Thursday 27 October 2016

Woodlice have personalities, analysis of Percellio scaber species suggests

Published 02/08/2015 | 07:47

Scientists testing the way woodlice react to being prodded, squeezed or dropped found they display different personalities
Scientists testing the way woodlice react to being prodded, squeezed or dropped found they display different personalities

It may be small, grey and easy to ignore, but the humble woodlouse is big on personality, according to new research.

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Dogs can be friendly or hostile, cats aloof or affectionate, and horses moody - but woodlice? They are individual characters too, scientists claim.

Tests on the way the creatures respond to being prodded, squeezed and dropped show that some are bold and others timid.

Even taking account of influences such as body size, they display behaviours that meet the definition of "personality", said the researchers.

The Czech team observed how the common rough woodlouse, Porcellio scaber, did what woodlice often do when threatened - feign death by curling up their armoured segmented bodies and tucking away legs and antennae.

Different individuals were more or less willing to adopt the "tonic immobility" (TI) strategy, some curling up for longer than others.

The way they differed was consistent across the range of tests, and when the experiment was repeated five times over a three week period.

Writing in the journal ZooKeys, the scientists led by Dr Ivan Hadrian Tuf, from Palacky University, Czech Republic, said: "There were some consistently more 'bold' woodlice (short TI) and some more 'shy' woodlice (long TI) ..

"Besides finding differences in endurance of TI between body size groups, we also identified personal behavioural patterns in all tested individuals, as well as variation within these body size groups."

They concluded: "Porcellio scaber is one of the first species of terrestrial isopods with documented personality traits."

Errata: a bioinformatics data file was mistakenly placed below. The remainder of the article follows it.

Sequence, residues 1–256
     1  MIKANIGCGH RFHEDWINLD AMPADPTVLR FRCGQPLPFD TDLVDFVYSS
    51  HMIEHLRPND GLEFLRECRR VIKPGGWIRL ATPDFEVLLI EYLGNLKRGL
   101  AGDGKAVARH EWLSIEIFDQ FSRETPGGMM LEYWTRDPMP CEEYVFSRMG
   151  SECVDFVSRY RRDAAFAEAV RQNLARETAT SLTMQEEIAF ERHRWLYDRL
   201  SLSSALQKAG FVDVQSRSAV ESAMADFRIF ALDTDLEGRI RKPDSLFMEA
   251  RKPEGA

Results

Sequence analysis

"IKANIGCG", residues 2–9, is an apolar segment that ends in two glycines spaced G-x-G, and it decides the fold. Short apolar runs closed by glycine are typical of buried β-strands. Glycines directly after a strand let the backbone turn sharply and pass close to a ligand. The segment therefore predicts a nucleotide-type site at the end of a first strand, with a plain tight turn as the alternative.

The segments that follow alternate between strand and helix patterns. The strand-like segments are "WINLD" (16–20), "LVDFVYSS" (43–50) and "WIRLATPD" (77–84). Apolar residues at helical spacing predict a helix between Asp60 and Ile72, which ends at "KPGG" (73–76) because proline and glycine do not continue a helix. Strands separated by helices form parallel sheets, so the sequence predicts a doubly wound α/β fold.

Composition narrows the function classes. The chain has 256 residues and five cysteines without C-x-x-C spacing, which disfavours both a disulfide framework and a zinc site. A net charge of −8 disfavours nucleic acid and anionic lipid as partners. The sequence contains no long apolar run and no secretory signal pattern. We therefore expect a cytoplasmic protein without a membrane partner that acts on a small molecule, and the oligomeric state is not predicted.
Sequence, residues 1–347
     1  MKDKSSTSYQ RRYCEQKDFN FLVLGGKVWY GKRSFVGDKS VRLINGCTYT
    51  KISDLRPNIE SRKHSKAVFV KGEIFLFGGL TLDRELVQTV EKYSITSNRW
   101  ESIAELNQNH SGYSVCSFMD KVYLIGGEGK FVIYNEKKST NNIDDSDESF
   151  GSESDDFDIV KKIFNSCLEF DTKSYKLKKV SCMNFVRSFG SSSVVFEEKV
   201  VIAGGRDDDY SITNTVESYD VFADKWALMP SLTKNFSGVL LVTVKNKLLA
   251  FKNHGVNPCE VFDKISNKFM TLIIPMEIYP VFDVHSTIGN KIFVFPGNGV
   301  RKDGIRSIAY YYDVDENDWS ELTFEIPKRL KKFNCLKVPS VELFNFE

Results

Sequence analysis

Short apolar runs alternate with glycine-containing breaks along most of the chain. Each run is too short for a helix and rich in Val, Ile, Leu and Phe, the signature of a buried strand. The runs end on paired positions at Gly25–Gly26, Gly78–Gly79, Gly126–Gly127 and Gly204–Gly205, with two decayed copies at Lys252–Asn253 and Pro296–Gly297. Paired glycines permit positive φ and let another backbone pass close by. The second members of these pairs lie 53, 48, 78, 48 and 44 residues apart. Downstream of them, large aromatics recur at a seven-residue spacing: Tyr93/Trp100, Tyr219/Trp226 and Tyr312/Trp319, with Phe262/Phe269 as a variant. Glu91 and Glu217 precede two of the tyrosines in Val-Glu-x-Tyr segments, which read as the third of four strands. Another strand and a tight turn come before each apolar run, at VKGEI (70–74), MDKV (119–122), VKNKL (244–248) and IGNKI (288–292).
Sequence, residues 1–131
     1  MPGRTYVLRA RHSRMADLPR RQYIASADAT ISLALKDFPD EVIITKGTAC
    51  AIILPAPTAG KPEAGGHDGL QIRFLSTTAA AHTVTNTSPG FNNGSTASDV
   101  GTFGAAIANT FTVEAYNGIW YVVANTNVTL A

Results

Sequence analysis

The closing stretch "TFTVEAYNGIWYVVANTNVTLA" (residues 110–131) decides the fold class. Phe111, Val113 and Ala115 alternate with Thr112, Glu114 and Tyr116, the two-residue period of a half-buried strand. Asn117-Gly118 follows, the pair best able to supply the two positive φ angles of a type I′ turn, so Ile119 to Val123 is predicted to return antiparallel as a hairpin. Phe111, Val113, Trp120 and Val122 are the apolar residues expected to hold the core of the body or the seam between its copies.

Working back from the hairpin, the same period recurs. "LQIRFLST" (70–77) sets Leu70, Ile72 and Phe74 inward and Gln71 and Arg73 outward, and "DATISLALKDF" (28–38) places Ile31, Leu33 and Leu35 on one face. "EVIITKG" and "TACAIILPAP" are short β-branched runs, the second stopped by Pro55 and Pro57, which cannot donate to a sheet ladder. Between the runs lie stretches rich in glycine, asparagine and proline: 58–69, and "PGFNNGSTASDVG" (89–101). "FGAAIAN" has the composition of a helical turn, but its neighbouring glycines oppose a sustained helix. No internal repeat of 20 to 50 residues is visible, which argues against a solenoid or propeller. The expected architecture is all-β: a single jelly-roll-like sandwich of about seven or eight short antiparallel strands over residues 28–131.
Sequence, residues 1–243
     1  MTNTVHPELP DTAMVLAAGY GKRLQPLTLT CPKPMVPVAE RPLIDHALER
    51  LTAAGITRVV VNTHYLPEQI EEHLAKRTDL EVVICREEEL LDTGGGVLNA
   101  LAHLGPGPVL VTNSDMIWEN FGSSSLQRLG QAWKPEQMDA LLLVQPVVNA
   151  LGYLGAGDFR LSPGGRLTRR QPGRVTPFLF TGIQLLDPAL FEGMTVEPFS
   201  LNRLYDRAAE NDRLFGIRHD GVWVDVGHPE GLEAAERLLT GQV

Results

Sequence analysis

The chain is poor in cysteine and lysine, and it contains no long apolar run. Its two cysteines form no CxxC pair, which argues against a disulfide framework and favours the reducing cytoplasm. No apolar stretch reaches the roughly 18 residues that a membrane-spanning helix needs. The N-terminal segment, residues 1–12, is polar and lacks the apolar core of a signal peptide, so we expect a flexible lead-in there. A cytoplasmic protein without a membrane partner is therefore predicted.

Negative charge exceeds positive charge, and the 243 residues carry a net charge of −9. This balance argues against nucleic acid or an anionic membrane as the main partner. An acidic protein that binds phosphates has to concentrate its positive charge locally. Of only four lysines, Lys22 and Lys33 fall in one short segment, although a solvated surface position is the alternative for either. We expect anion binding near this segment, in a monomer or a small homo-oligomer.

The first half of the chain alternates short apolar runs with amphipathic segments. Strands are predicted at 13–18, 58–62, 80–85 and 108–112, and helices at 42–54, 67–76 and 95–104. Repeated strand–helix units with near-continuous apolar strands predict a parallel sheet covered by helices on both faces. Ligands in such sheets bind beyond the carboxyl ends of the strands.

Personality in animals has been defined as individual behavioural characteristics that are consistent over time in response to different situations.

Woodlice may look like insects but are actually isopod crustaceans related to crabs and lobsters.

There are thought to be about 3,500 species of woodlouse in the world, 35 to 40 of which can be found in the UK.

Dr Tuf's team captured several hundred woodlice from gardens and parks in the medieval Czech city of Kutna Hora.

Placed in plastic boxes, the creatures' responses were observed when they were gently nudged or grabbed with forceps, or dropped from a height of 10 centimetres.

Curling up is not the only defensive strategy employed by woodlice. In the tests, 77% of the animals tried to run away or deployed their secret chemical weapon, a bad-smelling liquid that deters spiders.

The scientists were not able to determine whether woodlouse personality changed over time.

They wrote: "These findings are not able to resolve if personality is changing during individual development or not .. Investigation of long-time stability of behavioural traits in terrestrial isopods should be a possible goal of future studies."

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